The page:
It’s called the shout-out, the chatter made by a stage performer to the audience between songs. While often a sincere thank you, performers have been known to engage in everything from aggravated puffery (“You are the BEST audience EVER!”) to outright confusion (“Hello Rapid City! It’s great to be back in North Dakota!”). Things are different tonight. Burlap Wolf King is on stage at ICON Lounge in Sioux Falls. When he says Sioux Falls is THE place to be at that moment, he’s not only sincere. He also may be right.
Wolf King, sporting a snappy stockman’s hat and a smart, Eisenhower-cut jean jacket, is the on stage persona of Sioux Falls musician Thomas Hentges. He and his crisp combo (bass, female backup vocalist and a great old-school tremolo Telecaster) are one of five performers playing live and releasing brand-new vinyl recordings on Different Folk Records, a new record label based in Sioux Falls. Sure, the big room is full and it’s a party. But even a jaded recluse like me can tell there’s something exciting, authentic and downright…joyous…going on here. The music, the on-stage banter and even the engaging smiles and chatter at the impressively stocked merch tables are refreshingly absent of the kind of corporately-trained friendliness you get from the cookie-cutter server at the chain restaurant who warns you about the hot plate fresh out of the microwave before ending his/her memorized spiel with “ENJOY!” Something uniquely special is going down here tonight, and everyone in attendance seems to know it.
I enjoy a fun cover band as much as the next guy, but this night’s menu was like a farmer’s market with fresh and homegrown singers, players and songs. Ryan Kickland, story-telling Sioux Falls native now basing out of Rapid City, opened on stage with only a hollow-body electric, his equal parts mournful and rye voice, and collection of smart, engaging and at times mesmerizing new tunes. Next up was the spellbinding Jami Lynn, whose playing, singing and songwriting continues to grow like sunflowers in July. The depth of her songwriting has always belied her girl-next-door appearance, but something’s clicked over the past couple of years revealing pain and feeling you just don’t often hear. Also, her pairing with do-everything pro bassist Andrew Reinartz and Dalton Coffey’s shockingly great slide dobro play makes an extremely engaging package.
Later, The Union Grove Pickers are onstage, overflowing with one great player and singer after another. The Pickers are arguably the most “ready for prime time” performers on Different Folks. It’s always easy to go to this kind of show as a “homer”, cheering your local favorites but forgiving them if their singing, playing or songwriting isn’t quite up to snuff. No such apologies here, as the Pickers bring virtuosity, polish and confidence to their evening’s work and their new record. Even if rootsy, traditional bluegrass is not your thing, there’s no denying these guys are REALLY good.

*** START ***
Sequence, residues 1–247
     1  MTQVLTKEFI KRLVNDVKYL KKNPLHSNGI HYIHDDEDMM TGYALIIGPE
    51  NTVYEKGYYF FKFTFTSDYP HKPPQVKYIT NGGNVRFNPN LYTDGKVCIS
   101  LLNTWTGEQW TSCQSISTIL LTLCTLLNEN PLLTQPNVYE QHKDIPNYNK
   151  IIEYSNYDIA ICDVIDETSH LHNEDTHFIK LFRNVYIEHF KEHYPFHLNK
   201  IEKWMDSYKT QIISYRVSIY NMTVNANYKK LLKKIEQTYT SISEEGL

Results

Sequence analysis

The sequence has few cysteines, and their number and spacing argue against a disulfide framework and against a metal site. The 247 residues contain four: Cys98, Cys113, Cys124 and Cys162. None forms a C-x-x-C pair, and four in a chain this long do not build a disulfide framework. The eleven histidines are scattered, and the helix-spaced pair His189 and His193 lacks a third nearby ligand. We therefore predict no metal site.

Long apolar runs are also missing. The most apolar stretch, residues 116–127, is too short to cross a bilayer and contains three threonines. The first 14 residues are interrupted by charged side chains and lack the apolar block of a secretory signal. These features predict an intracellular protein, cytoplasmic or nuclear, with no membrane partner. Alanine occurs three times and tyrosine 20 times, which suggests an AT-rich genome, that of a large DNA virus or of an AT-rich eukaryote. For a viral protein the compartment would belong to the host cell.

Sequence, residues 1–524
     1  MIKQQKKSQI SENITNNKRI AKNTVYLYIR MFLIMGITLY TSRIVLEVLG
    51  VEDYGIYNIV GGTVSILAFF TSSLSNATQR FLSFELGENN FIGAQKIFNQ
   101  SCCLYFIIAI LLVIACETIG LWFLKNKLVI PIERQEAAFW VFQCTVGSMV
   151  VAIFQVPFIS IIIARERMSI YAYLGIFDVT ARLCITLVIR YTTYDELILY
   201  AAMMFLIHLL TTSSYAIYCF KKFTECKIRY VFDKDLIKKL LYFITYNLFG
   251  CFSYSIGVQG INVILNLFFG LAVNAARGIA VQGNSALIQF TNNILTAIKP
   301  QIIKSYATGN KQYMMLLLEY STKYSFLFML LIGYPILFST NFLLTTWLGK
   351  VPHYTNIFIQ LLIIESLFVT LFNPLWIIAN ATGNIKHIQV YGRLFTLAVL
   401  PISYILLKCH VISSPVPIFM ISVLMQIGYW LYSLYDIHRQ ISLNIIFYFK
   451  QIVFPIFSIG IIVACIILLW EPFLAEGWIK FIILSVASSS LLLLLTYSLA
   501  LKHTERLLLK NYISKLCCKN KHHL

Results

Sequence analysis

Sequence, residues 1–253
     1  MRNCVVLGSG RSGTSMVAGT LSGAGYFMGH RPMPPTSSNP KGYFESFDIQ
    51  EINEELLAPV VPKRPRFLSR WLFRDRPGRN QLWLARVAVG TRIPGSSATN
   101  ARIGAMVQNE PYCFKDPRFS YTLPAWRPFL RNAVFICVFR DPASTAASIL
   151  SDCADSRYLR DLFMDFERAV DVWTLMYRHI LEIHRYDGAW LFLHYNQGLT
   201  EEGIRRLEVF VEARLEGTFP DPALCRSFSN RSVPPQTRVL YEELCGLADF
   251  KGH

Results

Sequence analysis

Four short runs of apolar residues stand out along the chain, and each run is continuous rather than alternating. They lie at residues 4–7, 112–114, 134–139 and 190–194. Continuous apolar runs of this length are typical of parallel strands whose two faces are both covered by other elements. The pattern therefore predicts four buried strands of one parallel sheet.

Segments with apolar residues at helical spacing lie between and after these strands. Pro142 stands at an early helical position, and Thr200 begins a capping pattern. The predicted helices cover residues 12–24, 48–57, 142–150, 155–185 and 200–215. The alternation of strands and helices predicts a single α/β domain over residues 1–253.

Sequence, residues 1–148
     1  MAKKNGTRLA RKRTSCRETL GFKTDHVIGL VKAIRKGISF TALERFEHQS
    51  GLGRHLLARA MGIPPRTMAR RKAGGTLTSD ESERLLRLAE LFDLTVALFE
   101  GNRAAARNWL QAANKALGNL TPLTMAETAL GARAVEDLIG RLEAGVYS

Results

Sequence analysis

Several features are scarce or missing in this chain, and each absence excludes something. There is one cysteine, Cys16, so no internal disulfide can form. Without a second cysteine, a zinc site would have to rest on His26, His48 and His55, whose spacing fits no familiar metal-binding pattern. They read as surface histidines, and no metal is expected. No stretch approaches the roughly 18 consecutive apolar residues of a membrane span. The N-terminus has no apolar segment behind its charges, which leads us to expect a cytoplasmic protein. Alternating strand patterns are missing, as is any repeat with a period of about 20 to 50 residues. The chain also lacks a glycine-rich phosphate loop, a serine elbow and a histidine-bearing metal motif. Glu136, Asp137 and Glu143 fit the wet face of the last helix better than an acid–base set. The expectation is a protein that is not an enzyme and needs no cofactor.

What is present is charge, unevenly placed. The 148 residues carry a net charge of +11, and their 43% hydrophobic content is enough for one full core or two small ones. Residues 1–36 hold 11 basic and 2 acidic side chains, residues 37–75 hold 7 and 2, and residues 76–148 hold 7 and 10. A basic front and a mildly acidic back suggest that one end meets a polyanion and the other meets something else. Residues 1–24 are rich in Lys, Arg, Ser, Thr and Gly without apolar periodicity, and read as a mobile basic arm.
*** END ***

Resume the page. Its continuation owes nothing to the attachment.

Perhaps Burlap Wolf King best exemplifies what Different Folks Records and this batch of hometown performers are all about. For years you clap and whoop because they’re your local kids. Then one day you wake up and realize that through hard work, maturing talent, life’s hard knocks and simple time, you’re not just cheering because they’re yours, your whoopin’ because they’re yours AND really good by anyone’s standards. A friend once told me it’s not enough to just be local. You have to be local AND good. BWK is local AND good.
37 years in the radio business meant I was a peripheral player around the music business for several decades. I know how hard it is and how lucky you have to be to make a record label or a music career survive. Many more fail than succeed long term. Do I know for certain Different Folk Records is going to survive? No. Will they ever see dollar one of profit with this business? Don’t know. Am I 100% certain one or more of these local label mates will make it to the “big time”? Of course not. However, just sayin’…there was a serious vibe in that room that you don’t often feel in the increasingly superficial world of music and recording. Perhaps the perfect metaphor for the evening? The first releases sold on Saturday were all vinyl. Yes, the current vinyl revival is part fashion trend. But it’s also part attitude: Old school, authentic, tangible, a bit rebellious. Some might call starting a new local record label releasing vinyl a sucker bet. However, with sucker bets like vinyl, mid-century furniture design, living downtown, recycling/upcycling, the Ford Mustang, gardening and bacon beating the odds, you just never know for sure. I’ve found quality content wins out in the end. If Saturday night is any indication, listen before you bet against these performers or Different Folk Records.